The comma after “flavor” is a minor issue. In general, the GMAT doesn’t spend a lot of time testing us on the subtleties of comma usage, but there’s no real need for the comma here, since “robbing” and “making” are very nicely parallel with each other. Don’t lose sleep over this, since it’s rarely – if ever – a deciding factor on these questions.

The bigger issue is the parallelism error at the end of the sentence: just as in (C), “decrease in size” isn’t parallel to “less distinctive” and “less in demand,” since “decrease” is a verb. And that’s the best reason to eliminate (E), and settle for (D).

GMATNinja
Sir,
Could you check the explanation of choice C and E (the highlighted part)?
I think, 'decrease' is noun, not verb (at least here in this case). Could you clarify if i miss anything here?
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Re: Over the next few years, increasing demands on the Chattahoochee River  [#permalink]

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New post 14 May 2020, 19:28
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Asad wrote:
GMATNinja
Sir,
Could you check the explanation of choice C and E (the highlighted part)?
I think, 'decrease' is noun, not verb (at least here in this case). Could you clarify if i miss anything here?

The word "decrease" can be a verb or a noun:

  • "With a steady diet of doughnuts and fried pickles, I decreased the size of my belly." - Here, "decrease" is a verb. (Though the content of the sentence may not be totally reasonable.)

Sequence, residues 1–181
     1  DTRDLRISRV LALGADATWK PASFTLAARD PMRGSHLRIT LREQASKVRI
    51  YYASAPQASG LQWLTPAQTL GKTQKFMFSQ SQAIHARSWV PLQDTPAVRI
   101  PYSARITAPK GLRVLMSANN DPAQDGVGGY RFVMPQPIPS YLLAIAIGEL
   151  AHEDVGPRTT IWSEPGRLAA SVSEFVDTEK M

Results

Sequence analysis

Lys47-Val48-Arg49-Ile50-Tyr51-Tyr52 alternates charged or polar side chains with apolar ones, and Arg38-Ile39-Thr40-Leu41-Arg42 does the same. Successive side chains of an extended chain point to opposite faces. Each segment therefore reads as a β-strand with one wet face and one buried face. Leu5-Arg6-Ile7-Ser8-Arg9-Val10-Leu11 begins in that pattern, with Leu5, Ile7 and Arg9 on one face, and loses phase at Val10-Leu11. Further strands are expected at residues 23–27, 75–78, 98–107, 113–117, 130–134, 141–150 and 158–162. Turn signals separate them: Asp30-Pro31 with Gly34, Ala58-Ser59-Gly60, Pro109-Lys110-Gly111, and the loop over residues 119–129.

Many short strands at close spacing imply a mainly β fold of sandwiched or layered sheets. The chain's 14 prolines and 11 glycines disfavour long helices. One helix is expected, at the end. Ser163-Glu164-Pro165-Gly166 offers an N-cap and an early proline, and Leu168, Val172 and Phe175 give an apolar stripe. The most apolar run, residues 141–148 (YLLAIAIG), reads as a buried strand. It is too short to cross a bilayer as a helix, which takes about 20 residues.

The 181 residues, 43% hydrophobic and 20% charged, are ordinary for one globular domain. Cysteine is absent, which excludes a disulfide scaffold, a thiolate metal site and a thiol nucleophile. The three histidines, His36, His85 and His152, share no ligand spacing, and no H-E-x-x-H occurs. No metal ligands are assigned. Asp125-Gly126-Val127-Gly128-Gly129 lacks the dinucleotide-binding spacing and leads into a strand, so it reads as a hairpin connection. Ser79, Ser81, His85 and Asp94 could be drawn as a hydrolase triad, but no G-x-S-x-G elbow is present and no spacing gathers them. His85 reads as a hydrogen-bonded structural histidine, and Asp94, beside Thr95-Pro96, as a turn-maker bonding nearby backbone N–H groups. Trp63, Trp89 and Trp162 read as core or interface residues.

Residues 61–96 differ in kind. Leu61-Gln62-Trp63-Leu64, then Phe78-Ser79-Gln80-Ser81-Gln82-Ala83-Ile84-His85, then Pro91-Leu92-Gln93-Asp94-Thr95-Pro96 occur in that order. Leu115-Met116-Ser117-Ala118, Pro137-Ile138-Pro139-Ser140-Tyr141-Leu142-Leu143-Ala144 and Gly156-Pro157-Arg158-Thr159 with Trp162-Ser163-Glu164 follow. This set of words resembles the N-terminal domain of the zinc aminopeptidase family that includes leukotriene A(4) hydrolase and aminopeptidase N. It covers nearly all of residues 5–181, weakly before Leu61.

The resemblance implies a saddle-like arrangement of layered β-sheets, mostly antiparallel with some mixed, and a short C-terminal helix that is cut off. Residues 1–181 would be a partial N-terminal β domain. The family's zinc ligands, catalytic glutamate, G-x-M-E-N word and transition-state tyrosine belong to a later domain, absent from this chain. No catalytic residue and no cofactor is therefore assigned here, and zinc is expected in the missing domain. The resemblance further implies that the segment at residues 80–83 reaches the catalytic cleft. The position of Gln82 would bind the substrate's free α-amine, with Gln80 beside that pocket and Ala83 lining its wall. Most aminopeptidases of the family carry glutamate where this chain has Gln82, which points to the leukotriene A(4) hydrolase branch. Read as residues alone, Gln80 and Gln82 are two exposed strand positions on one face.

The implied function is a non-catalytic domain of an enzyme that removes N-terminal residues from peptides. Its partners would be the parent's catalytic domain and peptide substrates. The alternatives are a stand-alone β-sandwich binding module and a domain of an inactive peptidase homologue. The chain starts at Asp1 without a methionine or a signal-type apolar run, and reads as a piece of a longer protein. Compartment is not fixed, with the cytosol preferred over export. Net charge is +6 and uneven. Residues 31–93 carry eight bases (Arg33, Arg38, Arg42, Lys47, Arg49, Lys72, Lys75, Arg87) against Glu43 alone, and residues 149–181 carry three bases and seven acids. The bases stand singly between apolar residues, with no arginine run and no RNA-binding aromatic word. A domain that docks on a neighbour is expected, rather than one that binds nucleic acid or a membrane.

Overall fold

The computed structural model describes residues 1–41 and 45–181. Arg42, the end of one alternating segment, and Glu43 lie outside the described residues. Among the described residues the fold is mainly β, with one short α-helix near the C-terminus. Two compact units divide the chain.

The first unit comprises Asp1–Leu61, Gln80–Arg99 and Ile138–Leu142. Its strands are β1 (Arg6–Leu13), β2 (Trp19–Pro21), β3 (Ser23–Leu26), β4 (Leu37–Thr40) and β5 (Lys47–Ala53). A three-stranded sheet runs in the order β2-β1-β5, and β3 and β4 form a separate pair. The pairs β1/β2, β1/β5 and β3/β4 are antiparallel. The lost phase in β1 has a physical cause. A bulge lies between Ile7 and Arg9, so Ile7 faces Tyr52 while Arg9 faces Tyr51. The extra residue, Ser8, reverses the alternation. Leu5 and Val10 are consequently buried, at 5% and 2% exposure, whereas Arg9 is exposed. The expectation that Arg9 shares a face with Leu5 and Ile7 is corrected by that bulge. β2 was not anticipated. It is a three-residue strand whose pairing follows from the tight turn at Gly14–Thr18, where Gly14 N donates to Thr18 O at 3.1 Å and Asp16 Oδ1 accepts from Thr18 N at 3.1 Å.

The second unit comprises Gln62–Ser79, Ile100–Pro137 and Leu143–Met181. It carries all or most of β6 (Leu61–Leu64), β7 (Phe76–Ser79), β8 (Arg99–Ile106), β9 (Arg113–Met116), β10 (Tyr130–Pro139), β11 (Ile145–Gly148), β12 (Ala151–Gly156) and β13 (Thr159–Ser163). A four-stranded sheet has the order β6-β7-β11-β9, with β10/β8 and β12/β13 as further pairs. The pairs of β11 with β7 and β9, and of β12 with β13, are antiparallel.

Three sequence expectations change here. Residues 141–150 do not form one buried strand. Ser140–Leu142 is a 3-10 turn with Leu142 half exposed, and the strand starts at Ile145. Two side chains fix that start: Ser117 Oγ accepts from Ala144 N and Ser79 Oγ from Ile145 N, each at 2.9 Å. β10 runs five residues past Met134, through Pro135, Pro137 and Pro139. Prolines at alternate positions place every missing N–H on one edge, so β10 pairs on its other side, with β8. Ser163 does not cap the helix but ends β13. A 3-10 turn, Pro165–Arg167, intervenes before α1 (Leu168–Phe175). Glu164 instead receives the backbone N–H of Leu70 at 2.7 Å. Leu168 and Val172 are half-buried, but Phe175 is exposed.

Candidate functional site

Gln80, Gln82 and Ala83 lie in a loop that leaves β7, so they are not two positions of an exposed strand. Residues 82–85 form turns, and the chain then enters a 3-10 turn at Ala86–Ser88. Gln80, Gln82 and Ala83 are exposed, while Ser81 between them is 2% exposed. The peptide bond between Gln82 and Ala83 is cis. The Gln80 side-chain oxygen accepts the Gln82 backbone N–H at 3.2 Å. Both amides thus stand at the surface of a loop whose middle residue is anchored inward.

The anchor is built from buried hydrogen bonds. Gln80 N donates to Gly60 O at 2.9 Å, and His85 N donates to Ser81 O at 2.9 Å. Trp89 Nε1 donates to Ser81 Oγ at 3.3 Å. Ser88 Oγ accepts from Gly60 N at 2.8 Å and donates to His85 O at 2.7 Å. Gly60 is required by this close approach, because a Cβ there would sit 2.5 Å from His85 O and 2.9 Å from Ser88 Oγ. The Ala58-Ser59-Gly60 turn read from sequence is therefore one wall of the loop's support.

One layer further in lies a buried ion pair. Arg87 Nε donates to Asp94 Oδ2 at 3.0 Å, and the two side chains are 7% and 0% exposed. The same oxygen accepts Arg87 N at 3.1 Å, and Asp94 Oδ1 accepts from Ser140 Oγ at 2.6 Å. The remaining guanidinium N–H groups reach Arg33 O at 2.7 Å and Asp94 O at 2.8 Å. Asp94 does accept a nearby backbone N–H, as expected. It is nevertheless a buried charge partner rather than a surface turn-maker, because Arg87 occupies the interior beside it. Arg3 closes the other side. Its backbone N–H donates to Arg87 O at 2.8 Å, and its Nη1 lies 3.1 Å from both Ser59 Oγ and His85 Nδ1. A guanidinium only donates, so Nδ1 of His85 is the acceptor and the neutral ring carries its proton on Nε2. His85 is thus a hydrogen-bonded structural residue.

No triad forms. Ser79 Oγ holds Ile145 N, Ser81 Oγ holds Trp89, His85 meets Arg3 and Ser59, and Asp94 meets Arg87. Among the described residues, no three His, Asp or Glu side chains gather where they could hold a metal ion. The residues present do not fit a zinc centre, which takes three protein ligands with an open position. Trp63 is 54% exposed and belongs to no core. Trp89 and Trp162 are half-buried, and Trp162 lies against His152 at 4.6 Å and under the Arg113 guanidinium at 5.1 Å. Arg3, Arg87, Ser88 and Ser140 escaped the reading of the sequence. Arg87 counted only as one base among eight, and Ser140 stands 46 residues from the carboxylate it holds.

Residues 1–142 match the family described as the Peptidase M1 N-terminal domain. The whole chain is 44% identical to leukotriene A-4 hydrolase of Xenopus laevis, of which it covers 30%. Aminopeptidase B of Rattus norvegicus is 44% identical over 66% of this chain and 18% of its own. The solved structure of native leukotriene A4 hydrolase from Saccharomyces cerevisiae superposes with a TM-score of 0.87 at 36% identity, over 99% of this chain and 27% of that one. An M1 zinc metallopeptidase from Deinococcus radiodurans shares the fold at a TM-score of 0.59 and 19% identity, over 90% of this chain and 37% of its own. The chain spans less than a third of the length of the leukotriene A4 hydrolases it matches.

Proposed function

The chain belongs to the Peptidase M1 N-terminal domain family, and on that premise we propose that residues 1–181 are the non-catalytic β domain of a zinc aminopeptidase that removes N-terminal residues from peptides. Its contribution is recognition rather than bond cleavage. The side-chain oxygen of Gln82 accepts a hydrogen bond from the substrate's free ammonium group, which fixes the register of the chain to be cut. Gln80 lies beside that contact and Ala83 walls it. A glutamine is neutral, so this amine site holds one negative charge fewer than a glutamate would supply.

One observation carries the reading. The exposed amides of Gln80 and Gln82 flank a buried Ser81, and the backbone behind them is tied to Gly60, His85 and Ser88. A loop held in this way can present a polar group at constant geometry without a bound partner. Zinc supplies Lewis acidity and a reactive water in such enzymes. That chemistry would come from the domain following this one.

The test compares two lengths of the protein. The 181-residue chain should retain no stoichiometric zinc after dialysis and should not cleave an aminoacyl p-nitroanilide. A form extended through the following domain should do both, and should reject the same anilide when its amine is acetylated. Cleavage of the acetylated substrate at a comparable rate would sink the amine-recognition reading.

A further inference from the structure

• "After dieting for several months, I noticed a decrease in the size of my belly." - Here, "decrease" is a noun.

Choice (C), for example, uses the structure, "making them [verb]". Let's look at a few simpler examples that use a similar structure:

  • "The robber held the hostages at gunpoint, making them beg for mercy."
  • "When the tourists arrived in Argentina, the locals made them dance the tango."
  • "There are too many people in this pub, so I will start talking about the GMAT to make them leave."

Similarly, in choice (C), we have, "... rob the oysters there of their flavor, making them decrease in size." In this case, "decrease" is an action, just like the underlined verbs in the three examples above.